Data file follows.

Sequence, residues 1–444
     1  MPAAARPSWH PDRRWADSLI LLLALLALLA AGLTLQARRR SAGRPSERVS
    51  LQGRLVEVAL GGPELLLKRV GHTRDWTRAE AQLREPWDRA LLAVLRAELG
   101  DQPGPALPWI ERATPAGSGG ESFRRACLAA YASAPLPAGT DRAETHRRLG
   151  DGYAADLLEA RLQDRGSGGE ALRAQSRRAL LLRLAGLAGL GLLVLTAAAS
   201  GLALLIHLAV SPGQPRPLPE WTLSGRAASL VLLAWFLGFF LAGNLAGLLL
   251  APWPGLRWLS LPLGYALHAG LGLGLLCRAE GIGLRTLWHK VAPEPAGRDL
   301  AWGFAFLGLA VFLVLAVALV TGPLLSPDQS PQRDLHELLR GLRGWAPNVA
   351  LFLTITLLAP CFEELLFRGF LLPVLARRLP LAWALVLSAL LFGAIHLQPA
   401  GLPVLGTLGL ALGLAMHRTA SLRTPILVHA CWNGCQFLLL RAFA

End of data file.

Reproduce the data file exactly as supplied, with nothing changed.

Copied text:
Sequence, residues 1–444
     1  MPAAARPSWH PDRRWADSLI LLLALLALLA AGLTLQARRR SAGRPSERVS
    51  LQGRLVEVAL GGPELLLKRV GHTRDWTRAE AQLREPWDRA LLAVLRAELG
   101  DQPGPALPWI ERATPAGSGG ESFRRACLAA YASAPLPAGT DRAETHRRLG
   151  DGYAADLLEA RLQDRGSGGE ALRAQSRRAL LLRLAGLAGL GLLVLTAAAS
   201  GLALLIHLAV SPGQPRPLPE WTLSGRAASL VLLAWFLGFF LAGNLAGLLL
   251  APWPGLRWLS LPLGYALHAG LGLGLLCRAE GIGLRTLWHK VAPEPAGRDL
   301  AWGFAFLGLA VFLVLAVALV TGPLLSPDQS PQRDLHELLR GLRGWAPNVA
   351  LFLTITLLAP CFEELLFRGF LLPVLARRLP LAWALVLSAL LFGAIHLQPA
   401  GLPVLGTLGL ALGLAMHRTA SLRTPILVHA CWNGCQFLLL RAFA